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Recently I've been reading a lot about blackbody radiation, Rayleigh-Jeans law, Planck's law and the UV catastrophe.

In deriving the Rayleigh-Jeans and Planck's laws, we are examining a perfectly reflecting cavity filled with radiating ideal gas. The gas and the radiation are in thermal equilibrium. In Rayleigh-Jeans law, it is assumed that as an ideal gas has the average energy of $1/2kT$ per degree of freedom, the radiation has the same average energy per mode.

This is somewhat understandable to me, as the radiation originates from the charged particles having average energy of $1/2kT$, it would be reasonable to assume the radiation has the same average energy. But how does an ideal gas radiate in the first place?

My understanding of the ideal gas model is that it is a collection of particles moving with constant speeds and are non-interacting except during collisions, which are fully elastic. But to radiate, a particle has to accelerate. Only situation I can think of where electrons in ideal gas accelerate are during collisions (they collide and change directions), but the collisions are elastic and there is no change in kinetic energies of the particles. So if the collisions are elastic, where does the energy to produce radiation come from?

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  • $\begingroup$ "but the collisions are elastic and there is no change in kinetic energies of the particles" there is a dp/dt with the collision that turns to electromagnetic radiation. The elastic hypothesis fails with real atoms that have spill over fields from the orbitals . $\endgroup$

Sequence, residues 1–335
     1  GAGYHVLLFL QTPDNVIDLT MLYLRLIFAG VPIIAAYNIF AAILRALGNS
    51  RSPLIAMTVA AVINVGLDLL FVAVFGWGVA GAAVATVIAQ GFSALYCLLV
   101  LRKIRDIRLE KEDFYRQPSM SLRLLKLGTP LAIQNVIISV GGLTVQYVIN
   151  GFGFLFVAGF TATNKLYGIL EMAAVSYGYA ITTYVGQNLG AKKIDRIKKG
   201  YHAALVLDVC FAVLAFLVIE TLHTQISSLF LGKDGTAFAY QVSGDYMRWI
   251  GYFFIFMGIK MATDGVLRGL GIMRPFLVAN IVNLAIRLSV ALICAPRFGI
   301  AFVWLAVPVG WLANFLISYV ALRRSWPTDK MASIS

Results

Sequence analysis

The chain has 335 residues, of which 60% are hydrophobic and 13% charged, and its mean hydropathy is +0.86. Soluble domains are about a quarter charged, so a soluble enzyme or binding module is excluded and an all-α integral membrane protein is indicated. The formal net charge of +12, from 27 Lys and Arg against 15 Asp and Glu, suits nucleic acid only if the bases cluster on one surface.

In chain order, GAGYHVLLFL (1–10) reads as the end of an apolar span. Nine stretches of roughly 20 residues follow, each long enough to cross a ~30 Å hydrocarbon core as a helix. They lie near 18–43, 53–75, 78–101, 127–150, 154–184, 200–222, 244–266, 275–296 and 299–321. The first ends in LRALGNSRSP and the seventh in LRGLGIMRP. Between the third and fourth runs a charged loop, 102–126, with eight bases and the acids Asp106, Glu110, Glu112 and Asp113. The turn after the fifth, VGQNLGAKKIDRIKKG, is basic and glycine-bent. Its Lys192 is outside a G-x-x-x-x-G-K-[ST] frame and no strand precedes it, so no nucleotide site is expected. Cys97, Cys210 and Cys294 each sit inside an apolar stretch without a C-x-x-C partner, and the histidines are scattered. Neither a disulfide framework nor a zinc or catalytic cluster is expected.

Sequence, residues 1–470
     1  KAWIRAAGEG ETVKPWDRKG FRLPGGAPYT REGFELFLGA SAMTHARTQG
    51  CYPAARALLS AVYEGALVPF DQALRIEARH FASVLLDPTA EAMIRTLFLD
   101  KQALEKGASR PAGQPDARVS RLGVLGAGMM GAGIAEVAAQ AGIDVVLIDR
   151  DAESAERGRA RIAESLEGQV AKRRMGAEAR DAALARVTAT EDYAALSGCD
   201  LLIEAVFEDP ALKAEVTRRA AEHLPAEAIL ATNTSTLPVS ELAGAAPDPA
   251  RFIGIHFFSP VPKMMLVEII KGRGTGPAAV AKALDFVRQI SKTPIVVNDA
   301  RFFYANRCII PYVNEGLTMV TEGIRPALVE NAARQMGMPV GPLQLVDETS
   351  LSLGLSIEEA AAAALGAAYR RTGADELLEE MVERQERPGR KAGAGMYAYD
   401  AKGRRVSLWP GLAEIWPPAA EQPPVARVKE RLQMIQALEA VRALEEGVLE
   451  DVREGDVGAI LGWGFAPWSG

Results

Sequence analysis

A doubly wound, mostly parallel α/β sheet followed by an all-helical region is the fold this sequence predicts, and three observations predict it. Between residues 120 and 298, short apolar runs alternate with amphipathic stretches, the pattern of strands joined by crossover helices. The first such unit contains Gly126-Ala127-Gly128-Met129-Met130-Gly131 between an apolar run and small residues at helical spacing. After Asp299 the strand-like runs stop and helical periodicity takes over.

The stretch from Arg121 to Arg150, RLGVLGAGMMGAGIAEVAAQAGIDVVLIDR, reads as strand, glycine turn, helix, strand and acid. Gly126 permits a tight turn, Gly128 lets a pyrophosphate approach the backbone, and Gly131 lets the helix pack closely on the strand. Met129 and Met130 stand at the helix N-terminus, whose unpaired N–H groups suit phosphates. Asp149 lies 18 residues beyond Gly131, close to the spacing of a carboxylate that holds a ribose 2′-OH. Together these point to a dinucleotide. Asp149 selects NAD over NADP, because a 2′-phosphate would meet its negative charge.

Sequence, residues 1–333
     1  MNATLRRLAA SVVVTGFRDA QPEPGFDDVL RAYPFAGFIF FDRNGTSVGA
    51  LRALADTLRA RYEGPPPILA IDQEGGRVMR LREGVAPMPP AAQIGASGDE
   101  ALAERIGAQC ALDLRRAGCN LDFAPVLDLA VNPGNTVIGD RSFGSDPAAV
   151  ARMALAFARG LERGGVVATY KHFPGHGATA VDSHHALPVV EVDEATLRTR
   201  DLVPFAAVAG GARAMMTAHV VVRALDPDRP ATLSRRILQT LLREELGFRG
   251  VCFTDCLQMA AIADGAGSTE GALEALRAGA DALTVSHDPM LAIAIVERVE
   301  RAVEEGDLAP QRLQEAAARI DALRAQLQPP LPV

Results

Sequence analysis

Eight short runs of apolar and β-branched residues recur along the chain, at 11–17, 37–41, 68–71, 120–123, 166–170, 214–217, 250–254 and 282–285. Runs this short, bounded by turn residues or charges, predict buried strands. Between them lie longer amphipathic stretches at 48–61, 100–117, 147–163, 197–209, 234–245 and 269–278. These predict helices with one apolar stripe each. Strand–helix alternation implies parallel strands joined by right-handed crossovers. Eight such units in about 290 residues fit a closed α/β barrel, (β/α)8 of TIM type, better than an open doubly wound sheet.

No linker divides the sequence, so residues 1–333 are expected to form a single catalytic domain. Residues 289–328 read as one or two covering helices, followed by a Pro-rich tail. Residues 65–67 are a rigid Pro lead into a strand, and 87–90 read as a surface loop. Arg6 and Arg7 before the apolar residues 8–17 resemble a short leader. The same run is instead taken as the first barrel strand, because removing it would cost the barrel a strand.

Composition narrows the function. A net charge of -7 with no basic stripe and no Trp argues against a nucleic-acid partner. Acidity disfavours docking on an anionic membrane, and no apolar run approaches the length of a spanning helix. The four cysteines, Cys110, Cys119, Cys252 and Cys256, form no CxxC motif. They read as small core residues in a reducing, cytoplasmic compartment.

– anna v
    Nov 11 '18 at 12:57
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In deriving the Rayleigh-Jeans and Planck's laws, we are examining a perfectly reflecting cavity filled with radiating ideal gas.

The gas does not have to be ideal. Ideal gas is too simple a model to provide description of interaction with the EM radiation.

Real gas interacts with EM radiation, because its molecules consist of charged particles. The collisions of the molecules are not elastic.

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  • $\begingroup$ But still we are using results that describe ideal gases, such as $1/2kT$ for energy. Isn't this a result from Maxwell-Boltzmann distribution, which specifically describes ideal gases? $\endgroup$
    – S. Rotos
    Nov 11 '18 at 14:54
  • $\begingroup$ @S.Rotos there is continuity in the regions of validity between classical and quantum mechanical frames.. we still use the 1/r potential for the hydrogen atom, which was derived from macroscopic observations. The ideal gas is a useful approximation as long as one knows the limits of accuracy where it can be used. $\endgroup$
    – anna v
    Nov 11 '18 at 15:47
  • $\begingroup$ @S.Rotos, the result "1/2kT per quadratic degree of freedom" is valid (in classical theory) for any gas with short-range interactions, the gas does not have to be ideal. $\endgroup$ Nov 11 '18 at 16:53

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